REASESSING AN ICON
Mona Lisa is being scrutinised, reconsidered and reborn in THE SMILE OF MONA LISA – FIVE CENTURIES OF ARTISTIC APPROPRIATION – an exhibition at the MATCH MORE Gallery, Platanias, until the end of March, with a break from January 10 to February 10. Will she ever be the same again?
The exhibition at the MATCH MORE is diverse, ingenious and full of humour.
Works from THE LIVING AND THE LOST exhibition by Linda Talbot, held at the Monastery of Karolos in Hania in September, 2017. There were three sections: Patterns of Protection, prompted by protective symbols on ethnic clothes, Lost in a Landscape and Odalisque.
SELF DISCOVERY THROUGH
Does the weight of a sad event cast a shadow on your life? Do you long for a means of self expression that will release anger and sadness and help you to heal? If so you may benefit from my new workshop which uses colour to help define emotions as well as creating compositions you can frame.
There is a theory that colours represent qualities and moods, from wisdom and optimism to grief and despair.I do not agree that this is necessarily the case, yet I can see how colours may be used as an insight into a state of mind and as an illustration of aims and desires.
So I give you a colour wheel with a note of what each shade is said to symbolise and with paint, charcoal and collage you create an abstract composition, using the colours and images that express your state of mind.
We analyse this and make a second work, using colours and collage again to express how you would like to feel and what you would like to achieve. So you will have two pictures to frame, hang and contemplate at leisure.
All materials are free and the workshop is held at my studio: “Sea Songs” in Maleme Platanias. If you are interested, contact me on 694 624 7837 (mobile), or 28210 62913 or email: email@example.com
Emotions using symbolic colours from the colour wheel.
A second work with colours expressing wishes and aims.
The Colour Wheel whose shades may be used to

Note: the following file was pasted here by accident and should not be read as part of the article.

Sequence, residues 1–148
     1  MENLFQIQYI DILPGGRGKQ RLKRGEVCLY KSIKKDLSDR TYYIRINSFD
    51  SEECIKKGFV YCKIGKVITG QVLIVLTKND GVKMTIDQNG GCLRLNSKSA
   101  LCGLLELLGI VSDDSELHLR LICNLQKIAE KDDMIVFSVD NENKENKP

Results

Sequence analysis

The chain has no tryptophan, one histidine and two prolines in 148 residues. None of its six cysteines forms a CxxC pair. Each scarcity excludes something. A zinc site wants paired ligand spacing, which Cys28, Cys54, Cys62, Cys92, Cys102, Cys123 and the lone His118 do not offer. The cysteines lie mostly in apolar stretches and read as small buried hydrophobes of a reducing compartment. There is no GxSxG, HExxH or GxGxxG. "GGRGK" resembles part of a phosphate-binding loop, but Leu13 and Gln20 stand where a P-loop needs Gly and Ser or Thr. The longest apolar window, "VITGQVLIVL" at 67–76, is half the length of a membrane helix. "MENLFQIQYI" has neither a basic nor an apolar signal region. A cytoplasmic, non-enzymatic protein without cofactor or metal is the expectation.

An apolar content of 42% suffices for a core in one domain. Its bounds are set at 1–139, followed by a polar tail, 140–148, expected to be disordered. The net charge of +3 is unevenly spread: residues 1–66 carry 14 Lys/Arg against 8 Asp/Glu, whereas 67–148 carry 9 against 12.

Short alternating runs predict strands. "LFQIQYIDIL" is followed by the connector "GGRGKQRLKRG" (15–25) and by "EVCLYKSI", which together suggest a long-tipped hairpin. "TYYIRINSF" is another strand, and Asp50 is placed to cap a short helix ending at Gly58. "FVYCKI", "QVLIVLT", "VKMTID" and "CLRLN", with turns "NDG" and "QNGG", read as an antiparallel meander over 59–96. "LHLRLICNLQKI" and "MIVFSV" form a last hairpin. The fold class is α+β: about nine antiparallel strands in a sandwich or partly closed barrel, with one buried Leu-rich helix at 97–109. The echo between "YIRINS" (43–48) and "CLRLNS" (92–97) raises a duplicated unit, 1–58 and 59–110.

MANDALA is an optional extension of SELF DISCOVERY THROUGH COLOUR COMPOSITION. Sanskrit for “circle” or “completion”, the classic mandala is a circle with a centre echoing the basic structure of all creation.
We can use it as psychologist Carl Jung suggested, as ” a representation of the unconscious self.”
Used principally by Buddhists, Tibetans and Hindus, it is now a universal symbol and a unique means of personal expression. The structure is found throughout nature and in biology, chemistry, geology, physics and astronomy.
Every living cell has a nucleus. It is a circle with a centre. Consider flowers, the rings in tree trunks, spirals on a snail shell. Even crystals in ice and rock. Made of atoms, each atom is a mandala.
We draw a simple circle with a centre and with or without more circles inside. Then add an instinctive design or image and colour with shades expressing your current feelings.
Afterwards note the colours used, including those that appeared least. Look at the images and shapes and take note of hard or soft lines, jagged or smooth edges and any high contrasts.
Write down in detail the feelings or memories that the colours and shapes suggest. You should have an insight then into your emotions when you created the mandala.
Exhibition at Match More Gallery,
An exhibition revealing how the work of foreign artists differs from those raised in the Greek tradition, opened at the Match More Underground Gallery in Platanias, Hania, Crete in January 2017. Called “Xenion. Summoning Familiarity – contributions were from foreign artists living in Greece and abroad and disclosed diverse backgrounds contrasting with Greek traditions.
The gallery is inside the Match More restaurant, where menus change each week and customers can combine an excellent meal with a wander through the artistic imagination.
Restaurant and gallery were opened by Dr Constantinos Proimos who curates the exhibitions with Ioannis Arhontakis of the Olive Press Art Factory in Drumonero.
“As soon as I saw the building, I knew it would make a wonderful gallery as well as restaurant” says Dr Proimos, art critic and adjunct lecturer at the Hellenic Open University. There are works by Greek artists in the restaurant.
NEW BOOK by Rhonda Whitehead
The surprising and sometimes secretive effects of erosion and the play of light are revealed in “RHONDA WHITEHEAD” a new book about the work of this Australian artist, now living in Norfolk, England.
Published by Sansom & Co for £10, it comprises essays by writers, art critics and art historian Margaret Garlake, with high quality reproductions from Rhonda’s three series: Water, Rock and Erosion.
Her work is inspired by the wetlands of Norfolk, the Waveney Valley and River Bure and the northern territory and Great Barrier Reef in Australia.
If you would like a copy contact Rhonda at Black Barn, Mendham Low Road, Redenhall, Harleston, Norfolk, England IP20